Tropical trees, rarely undershrubs, with mostly pinnately compound leaves. The order contains many plants which have acrid, bitter, and astringent properties. None official. 298. MAREGAMIA ALATA.—GOANESE IPECAC. (Root.) Habitat: Western India. Expectorant and emetic. Dose: 1 to 3 gr. (0.065 to 0.2 Gm.); as an emetic, 5 to 10 gr. (0.3 to 0.6 Gm.). 299. COCILLANA, N.F.—The bark of an undetermined species of Guarea, a large Bolivian tree. Expectorant and emetic properties similar to ipecac. Dose of fluidextract: 10 to 30 drops (0.6 to 2 mils). A popular compound expectorant, syrupy, preparation furnishes a much used remedial agent. 300. AZEDARACH.—MARGOSA BARK. The root-bark of Me'lia azed'arach Linné. Habitat: China and India; cultivated in Southern United States. Fibrous pieces about 5 mm. (1/5 in.) thick, and 50 to 75 mm. (2 to 3 in.) wide. The outer surface is reddish-brown, with irregular, blackish, longitudinal ridges. The inner surface is yellowish-white to brown, and striated longitudinally; fracture fibrous; inodorous; taste sweetish, acrid, and bitter. If collected from old roots, the bark must be freed from the corky layer. The active principle is a yellowish-white resin. Azedarach was once extensively used in the Southern States as an anthelmintic. Dose: 15 to 60 gr. (1 to 4 Gm.), in decoction.
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Plants often with milky juice in roots, low herbs in temperature regions, with leaves mostly simple, entire, dotted, exstipulate. Flowers irregular; sepals 5, the two inner large, petaloid, petals 3, the anterior one larger. Properties: generally bitter (polygala), acrid (senega), or astringent (krameria).
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301. KRAMERIA, N.F.—KRAMERIA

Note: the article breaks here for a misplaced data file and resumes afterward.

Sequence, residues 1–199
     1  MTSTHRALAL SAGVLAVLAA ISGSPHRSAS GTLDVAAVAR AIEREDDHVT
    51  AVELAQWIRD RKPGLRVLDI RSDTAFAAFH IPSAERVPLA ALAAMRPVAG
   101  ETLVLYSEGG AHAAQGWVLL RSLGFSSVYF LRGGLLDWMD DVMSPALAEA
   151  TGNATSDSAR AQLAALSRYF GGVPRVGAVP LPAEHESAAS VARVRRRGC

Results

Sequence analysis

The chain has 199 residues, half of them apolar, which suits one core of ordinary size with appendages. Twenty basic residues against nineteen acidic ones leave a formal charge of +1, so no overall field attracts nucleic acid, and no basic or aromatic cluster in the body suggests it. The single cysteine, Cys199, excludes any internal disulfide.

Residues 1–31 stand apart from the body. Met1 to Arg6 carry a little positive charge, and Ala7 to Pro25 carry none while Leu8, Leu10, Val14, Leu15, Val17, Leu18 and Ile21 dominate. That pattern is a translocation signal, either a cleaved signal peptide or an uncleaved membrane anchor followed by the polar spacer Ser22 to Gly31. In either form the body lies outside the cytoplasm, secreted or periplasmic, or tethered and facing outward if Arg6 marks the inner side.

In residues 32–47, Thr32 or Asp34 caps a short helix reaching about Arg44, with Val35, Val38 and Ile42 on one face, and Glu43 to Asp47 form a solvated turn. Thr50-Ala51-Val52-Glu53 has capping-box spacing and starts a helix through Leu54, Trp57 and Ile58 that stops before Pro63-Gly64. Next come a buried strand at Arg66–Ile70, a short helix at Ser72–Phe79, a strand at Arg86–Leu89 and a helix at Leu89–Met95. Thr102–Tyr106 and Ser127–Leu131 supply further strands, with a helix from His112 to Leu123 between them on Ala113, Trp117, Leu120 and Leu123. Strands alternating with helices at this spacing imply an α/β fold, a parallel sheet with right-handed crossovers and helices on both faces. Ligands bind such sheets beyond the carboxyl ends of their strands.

RHATANY The dried root of Krame'ria trian'dra Ruiz et Pavon, and of Krame'ria ixi'na Linné and other undetermined species of Krameria. (Fam. transferred to Krameriaceæ U.S.P. 1900.) BOTANICAL CHARACTERISTICS.—A low, woody shrub, with grayish leaves and red flowers. The flowers are solitary in the axils of the upper leaves, shortstalked. The fruit is globular, leathery, indehiscent, about the size of a pea, and covered with reddish-brown, hooked prickles. SOURCE.—Krameria triandra (Red rhatany) is a native of Peru, the commercial supply being obtained from the southern provinces; abundant about the cities of Huanuco and Lima; shipped from Paytu. Krameria ixina (Savanilla or New Granada rhatany) is yielded by several varieties, as K. tomentosa, St. Hil., an extremely wooly form growing in Colombia, British Guiana, and Northern Brazil; shipped from Carthagena, Santa Marta, etc. Para rhatany, described by Berg, is said to be from K. argentea; grayish-brown color. DESCRIPTION OF DRUG.—From 10 to 30 mm. (2/5 to 11/5 in.) thick, knotty, and with several thick heads above, and branches below, from which emanate cylindrical roots about 6 to 12 mm. (1/4 to 1/2 in.) thick and from 100 to 400 mm. (4 to 16 in.) long. In commerce the more woody pieces, with short stumpy branches, constitute the largest proportion; the bark is tough and fibrous, dark reddish-brown, scaly, rugged, and about 1 to 2 mm. (1/25 to 1/12 in.) thick; the wood is hard and compact, light reddishbrown in color, and when cut with a knife, presents a shining surface, marked with concentric circles and fine medullary rays. Inodorous; taste very astringent, the bark more so than the wood. Krameria ixina (Savanilla rhatany) is more slender and less knotty, dull purplish-brown, with smooth, closely adhering bark. The roots are less flexuous and less tapering than the Peruvian rhatany and are usually separate, not usually exceeding 12 cm. in thickness, externally purplish-brown or